Tag: negotiation

Which “Star Wars” character would you bring to a car dealership?


Was it right for Han to shoot first in the cantina scene of “Star Wars Episode IV: A New Hope”?

Did it make sense for Darth Vader to keep changing the terms of his deal with Lando in “The Empire Strikes Back”?

Such were the pressing questions Hillary Anger Elfenbein fielded during a 2022 Dragon Con virtual panel called “Conflict Experts Fight About Star Wars.”


“Let me emphasize that all of this is actually true, in case you think I’m joking,” said Elfenbein, John K. Wallace, Jr. and Ellen A. Wallace Distinguished Professor and professor of organizational behavior at Olin Business School. Her areas of expertise are negotiation, leadership and women in leadership.

Elfenbein was on the Dragon Con panel because she’s one of the authors who contributed to the new book Star Wars and Conflict Resolution: There Are Alternatives to Fighting (December 2022, DRI Press, $15). She and William Bottom wrote the chapter “This Deal’s Getting Worse All the Time: Negotiation Satisfaction Matters.”

Bottom is associate dean and academic director for Undergraduate Programs and the Howard and Marilyn Wood Distinguished Professor at Olin.

‘The Empire Strikes Back’

In the chapter, “we use the storyline of ‘The Empire Strikes Back’ to illustrate rigorous academic principles based on our own research,” Elfenbein says.

They describe the deal that Lando reached with Darth Vader, how it fell apart and what Lando’s experience says about negotiator satisfaction and deal implementation in and outside the “Star Wars”universe.

“The Empire Strikes Back” doesn’t reveal the exact bargaining process and terms Lando and Darth Vader reach. But “we can infer that Vader deploys some of his typical high-pressure tactics to get what he wants,” and, Elfenbein and Bottom write, “likely promises to ignore the illegal gas mining operation on Cloud City if Lando welcomes Han and Leia so that Vader can use them as bait to attract Luke Skywalker.”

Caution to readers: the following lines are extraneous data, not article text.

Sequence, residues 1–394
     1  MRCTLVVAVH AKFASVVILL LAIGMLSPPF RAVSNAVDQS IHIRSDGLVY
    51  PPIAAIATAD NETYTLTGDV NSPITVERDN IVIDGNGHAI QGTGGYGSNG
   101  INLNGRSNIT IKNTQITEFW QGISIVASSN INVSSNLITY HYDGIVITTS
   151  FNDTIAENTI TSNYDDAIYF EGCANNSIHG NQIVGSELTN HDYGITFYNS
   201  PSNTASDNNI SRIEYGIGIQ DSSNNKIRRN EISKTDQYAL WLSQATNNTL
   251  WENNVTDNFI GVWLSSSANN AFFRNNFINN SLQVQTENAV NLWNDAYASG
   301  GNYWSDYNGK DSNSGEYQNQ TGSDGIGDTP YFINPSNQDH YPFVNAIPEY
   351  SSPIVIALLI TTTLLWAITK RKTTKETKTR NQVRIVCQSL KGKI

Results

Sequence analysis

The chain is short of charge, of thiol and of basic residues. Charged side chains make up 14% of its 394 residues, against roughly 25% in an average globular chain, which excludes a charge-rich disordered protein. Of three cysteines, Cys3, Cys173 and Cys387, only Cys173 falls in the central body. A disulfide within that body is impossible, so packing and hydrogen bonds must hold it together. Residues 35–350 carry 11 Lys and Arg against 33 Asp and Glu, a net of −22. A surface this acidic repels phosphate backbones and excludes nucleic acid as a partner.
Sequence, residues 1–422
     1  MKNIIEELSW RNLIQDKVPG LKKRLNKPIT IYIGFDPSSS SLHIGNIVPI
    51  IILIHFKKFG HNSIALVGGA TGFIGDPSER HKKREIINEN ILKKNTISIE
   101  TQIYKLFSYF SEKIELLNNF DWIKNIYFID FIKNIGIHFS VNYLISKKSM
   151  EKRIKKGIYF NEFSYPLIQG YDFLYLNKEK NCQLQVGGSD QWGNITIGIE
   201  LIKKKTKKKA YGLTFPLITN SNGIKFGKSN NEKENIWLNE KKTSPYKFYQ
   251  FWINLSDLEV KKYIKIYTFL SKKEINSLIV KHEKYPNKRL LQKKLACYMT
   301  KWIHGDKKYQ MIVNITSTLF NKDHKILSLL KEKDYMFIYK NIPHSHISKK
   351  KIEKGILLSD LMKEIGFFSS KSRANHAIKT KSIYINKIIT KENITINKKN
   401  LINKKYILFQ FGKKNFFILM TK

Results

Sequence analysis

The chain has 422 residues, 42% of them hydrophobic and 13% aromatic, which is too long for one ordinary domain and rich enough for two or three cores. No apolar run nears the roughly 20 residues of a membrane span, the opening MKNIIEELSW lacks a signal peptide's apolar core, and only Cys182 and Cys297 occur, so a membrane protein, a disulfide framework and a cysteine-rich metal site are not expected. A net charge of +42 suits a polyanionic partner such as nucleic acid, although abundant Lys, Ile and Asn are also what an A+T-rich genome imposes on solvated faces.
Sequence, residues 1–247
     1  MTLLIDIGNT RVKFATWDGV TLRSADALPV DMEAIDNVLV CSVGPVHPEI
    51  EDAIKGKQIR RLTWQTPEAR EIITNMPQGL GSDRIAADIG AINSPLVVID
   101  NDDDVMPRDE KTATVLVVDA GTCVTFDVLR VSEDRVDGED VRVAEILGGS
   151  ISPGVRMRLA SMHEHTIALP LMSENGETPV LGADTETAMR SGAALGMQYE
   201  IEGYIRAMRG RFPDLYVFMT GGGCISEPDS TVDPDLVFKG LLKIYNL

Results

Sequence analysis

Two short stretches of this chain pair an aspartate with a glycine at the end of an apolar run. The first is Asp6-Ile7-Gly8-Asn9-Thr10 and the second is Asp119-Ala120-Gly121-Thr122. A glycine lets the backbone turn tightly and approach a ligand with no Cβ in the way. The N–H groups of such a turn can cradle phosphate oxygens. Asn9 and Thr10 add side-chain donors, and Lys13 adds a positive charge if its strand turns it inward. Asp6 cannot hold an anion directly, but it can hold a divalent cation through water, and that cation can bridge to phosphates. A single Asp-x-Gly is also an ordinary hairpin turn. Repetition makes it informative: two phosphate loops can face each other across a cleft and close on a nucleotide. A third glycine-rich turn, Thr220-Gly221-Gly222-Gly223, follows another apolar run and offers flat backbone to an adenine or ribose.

The mine is too small for the Empire to care about, but its operation outside the law makes Lando vulnerable to government scrutiny. Vader uses that fact to pressure Lando to agree.

Lying from the outset

“Vader appears to have been lying to Lando from the outset. He claims Han and Leia will go free once Luke arrives, but in truth has already contracted with the bounty hunter to deliver Lando’s old frenemy to Jabba the Hutt.”

The change marks the transition to a second phase in dealing with Lando. “Once Han and Leia arrive, Vader reneges on his word again, creating a third phase of the deal terms in which he insists Leia and Chewbacca remain under Lando’s supervision in Cloud City, never to leave.”

Integrity matters—in the Star Wars universe and in this one. Vader’s willingness to cut a deal and then renege on it over and over again eventually proved to be his undoing.

William Bottom

That change pushes Lando to the brink. Han is frozen in carbonite and carried away, and Vader demands that Lando take Leia and Chewbacca to his Imperial ship. “With this last change marking a fourth phase of the deal, Lando can no longer abide by it. He battles stormtroopers, escapes with Leia and Chewbacca on the Millennium Falcon, and joins up with the rebellion against the Empire.”

Vader’s continued push to win the most favorable terms for himself backfires and contributes to his demise.

Feelings of satisfaction

Among the lessons, according to the authors: Most of us negotiate with something less than overwhelming leverage. We need to build relationships and foster a mutually beneficial exchange to undertake complicated projects. We rely on the assurance that our counterparts will hold up their end of the bargain and accommodate necessary adjustments.